To solve the thermocouple issue, I would use a metal hose clamp to clamp the thermocouple bead to the tube between the heaters. I would use a couple of small strips of aluminum can between the hose clamp and the TC bead so the bead does not get pushed into the typical gaps in the hose clamp. Tighten the hose clamp but you don’t need to crush it. Also I would use a bare wire (otherwise the insulation may smoke) to secure the stainless wire near the TC so accidental tugs on the wire don’t pull on the TC bead. I would do this for both of the thermocouples.
With the thermal control working properly, you should not need to have the set temperatures above the 190-210C range suggested in the manual.
Also, if you can, during use, move the injection machine outside. You can not see the plastic fumes but they are there, even at 200C.
Hopefully with these minor issues out of the way, you can enjoy your new machine and make may of those round …whatever they are.. parts
Good luck and let us know how it worked out.
Thank you for your clear advice! I got the machine from out of the country and I’m going at this alone for the moment, so I appreciate your use of layman’s terms!
You are right that the thermocouples are loose; I will get a couple of hose clamps and secure those as you describe.
There are no gaps by the clamping bolts in the heaters, but they do feel tight, with only a tiny bit give – do you still think I need to add the shims?
I have one final question – the bottom heating ring has a tendency to turn along with the bolt or mold when I screw /unscrew it. There has also been some plastic that has come out from somewhere I cannot see and is now stuck under that heater (see photo). I’ve still been able to use it (before you advised to pause and get this fixed), but it doesn’t seem like a good thing. Do you have an easy fix for that?
And the round things I’m making are soap dishes; a couple have turned out alright 🙂
As you tighten the bolt, the heaters should be compressed against the tube before the you lose the gap in the cylinder portion. It should be tight enough that you can’t twist the heater on the tube with your hand.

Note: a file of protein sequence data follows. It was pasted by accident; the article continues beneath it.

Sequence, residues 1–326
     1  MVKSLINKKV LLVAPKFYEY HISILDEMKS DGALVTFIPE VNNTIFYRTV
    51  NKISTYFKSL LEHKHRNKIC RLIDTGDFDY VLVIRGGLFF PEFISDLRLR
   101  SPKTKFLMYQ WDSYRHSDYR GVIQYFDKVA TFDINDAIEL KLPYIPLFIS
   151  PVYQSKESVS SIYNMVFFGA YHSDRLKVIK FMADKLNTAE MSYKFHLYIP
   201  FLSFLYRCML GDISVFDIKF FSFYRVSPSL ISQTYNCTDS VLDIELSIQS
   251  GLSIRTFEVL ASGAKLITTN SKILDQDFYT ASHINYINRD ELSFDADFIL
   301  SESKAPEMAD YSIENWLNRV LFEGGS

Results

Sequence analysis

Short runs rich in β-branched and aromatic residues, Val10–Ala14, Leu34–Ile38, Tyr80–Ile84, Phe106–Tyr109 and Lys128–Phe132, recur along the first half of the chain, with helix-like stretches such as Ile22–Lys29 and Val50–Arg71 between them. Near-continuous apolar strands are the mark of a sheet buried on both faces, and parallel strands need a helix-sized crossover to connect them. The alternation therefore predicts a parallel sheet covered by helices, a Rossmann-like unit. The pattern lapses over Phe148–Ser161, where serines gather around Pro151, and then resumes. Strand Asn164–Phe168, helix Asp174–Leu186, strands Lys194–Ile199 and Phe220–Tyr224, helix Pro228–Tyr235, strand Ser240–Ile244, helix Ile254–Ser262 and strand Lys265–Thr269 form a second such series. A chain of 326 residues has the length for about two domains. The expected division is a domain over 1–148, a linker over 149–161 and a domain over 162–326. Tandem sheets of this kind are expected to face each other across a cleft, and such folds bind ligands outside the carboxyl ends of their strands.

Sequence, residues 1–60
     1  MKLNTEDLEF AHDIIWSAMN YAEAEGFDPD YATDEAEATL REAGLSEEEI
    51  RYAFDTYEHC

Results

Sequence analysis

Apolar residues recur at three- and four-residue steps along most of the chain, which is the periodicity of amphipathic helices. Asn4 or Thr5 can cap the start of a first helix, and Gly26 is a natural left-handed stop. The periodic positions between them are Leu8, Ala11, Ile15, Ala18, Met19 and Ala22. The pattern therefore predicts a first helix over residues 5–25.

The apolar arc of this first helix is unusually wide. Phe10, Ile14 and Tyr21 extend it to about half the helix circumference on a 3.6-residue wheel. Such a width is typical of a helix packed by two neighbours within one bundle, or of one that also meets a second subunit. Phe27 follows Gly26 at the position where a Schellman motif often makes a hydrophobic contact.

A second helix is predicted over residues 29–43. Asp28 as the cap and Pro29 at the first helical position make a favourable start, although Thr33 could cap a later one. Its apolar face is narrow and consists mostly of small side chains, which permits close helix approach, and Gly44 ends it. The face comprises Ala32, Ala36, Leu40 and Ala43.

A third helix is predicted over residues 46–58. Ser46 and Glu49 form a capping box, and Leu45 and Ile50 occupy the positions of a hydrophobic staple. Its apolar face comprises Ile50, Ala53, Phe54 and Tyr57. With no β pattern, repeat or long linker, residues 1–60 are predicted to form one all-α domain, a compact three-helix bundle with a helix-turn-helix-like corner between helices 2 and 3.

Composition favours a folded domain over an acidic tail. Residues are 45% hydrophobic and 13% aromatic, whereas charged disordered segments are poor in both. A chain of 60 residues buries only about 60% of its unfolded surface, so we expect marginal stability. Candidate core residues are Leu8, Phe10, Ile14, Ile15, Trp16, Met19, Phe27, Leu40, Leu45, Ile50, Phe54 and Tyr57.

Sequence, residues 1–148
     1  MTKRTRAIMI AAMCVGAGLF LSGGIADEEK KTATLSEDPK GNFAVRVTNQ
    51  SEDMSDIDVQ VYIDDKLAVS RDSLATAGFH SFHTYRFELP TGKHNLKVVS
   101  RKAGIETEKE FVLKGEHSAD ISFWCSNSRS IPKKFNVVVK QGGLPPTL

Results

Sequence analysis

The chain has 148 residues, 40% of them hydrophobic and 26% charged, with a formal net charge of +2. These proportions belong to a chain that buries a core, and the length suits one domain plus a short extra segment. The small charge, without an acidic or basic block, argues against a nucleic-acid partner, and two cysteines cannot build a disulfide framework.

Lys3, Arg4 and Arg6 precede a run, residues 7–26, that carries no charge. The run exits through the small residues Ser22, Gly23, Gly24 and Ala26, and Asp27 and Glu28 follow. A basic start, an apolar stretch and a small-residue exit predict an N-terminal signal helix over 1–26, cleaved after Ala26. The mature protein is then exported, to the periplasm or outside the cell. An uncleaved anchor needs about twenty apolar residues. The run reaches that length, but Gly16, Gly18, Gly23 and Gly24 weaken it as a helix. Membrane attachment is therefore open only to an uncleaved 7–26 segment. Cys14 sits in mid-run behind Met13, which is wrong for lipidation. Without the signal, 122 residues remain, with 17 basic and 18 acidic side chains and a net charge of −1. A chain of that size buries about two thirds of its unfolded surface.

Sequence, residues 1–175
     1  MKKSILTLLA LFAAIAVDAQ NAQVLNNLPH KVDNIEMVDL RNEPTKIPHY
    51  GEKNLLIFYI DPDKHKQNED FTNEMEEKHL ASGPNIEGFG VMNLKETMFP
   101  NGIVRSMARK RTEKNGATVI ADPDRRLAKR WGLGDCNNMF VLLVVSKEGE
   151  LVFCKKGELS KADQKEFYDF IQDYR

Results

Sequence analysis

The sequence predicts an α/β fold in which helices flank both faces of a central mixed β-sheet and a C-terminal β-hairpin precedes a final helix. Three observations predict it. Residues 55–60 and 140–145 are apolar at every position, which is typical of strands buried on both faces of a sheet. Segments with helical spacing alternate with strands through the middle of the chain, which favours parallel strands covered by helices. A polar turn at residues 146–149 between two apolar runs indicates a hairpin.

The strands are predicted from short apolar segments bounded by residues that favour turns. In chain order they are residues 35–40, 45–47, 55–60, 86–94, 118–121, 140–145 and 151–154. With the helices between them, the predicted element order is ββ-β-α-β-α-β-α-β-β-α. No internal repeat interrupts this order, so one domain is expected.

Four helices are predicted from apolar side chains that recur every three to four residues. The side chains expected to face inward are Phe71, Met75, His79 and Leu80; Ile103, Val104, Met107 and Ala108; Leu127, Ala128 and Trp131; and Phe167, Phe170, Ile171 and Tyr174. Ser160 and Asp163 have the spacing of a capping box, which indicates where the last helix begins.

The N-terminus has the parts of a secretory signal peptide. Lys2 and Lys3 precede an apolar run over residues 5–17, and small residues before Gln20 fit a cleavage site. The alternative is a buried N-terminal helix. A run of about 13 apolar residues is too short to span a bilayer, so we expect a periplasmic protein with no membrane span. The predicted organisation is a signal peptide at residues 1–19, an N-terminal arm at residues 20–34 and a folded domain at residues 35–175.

I can’t see what holds the bottom heater on. Is it just the spring of the band? I’m guessing that what is turning is the bottom pipe fitting, it looks like you have some plastic oozing from that joint. If the heater just slips off, take it off and you can take a couple of pipe wrenches and tighten the fitting to the pipe. Hopefully the outside of that pipe fitting is a nice round cylinder for the heater to sit on without lumps or ledges to form gaps. There should not be any plastic between the pipe fitting and the heater. If that bottom heater is a loose fit without a clamping bolt you may need to add something to compress it. I would mount the bottom thermocouple on the tube just above that pipe fitting/bottom heater.
Yes, I figured that round thing had a better looking side. Note, depending on the plastic, it can take longer than 12 min for the plastic to fully melt in the tube. I would give it more time instead of raising the temperature. It also helps to cap or block off the nozzle while the plastic is melting and compress/compact the plastic a few times. It also helps to maintain pressure for a while while the plastic is starting to solidify in the mold.
Thanks for all the tips! I was just going to add the shims under the heating bands, and notice there is a wire mesh between the bands and the barrel (see photo). Does it matter if the shims (of aluminum cans) are on the inside or outside of the mesh?
Wow, I didn’t expect to see that. That’s acting like some insulation between the heater and the tube. I assume it was put there just to mechanically fill the gap that still existed with the heater closed as far as it will go. Do you have a way (caliper) to measure the diameter of the tube? Those layers of mesh look like they add up to close to a mm thick.
I would take the mesh out of there, I assume it is not connected to the heater. You will need something thicker than soda can to fill that gap. Ideally you would fill it with one layer but it will depend on what you have on hand and what you can shape around the pipe. Some options might be aluminum from pie tins, hardware stores have sheets of aluminum (roof flashing?), brass, or copper in various thickness. Another option may be if you find a piece of thin walled copper pipe that is close to the diameter of the tube, you can cut a slit so it is C-shaped and compress it under the heater.
If this mesh was where the thermocouple was located, I am not surprised by the bad readings.
Good luck, sorry that you have to do all this rework.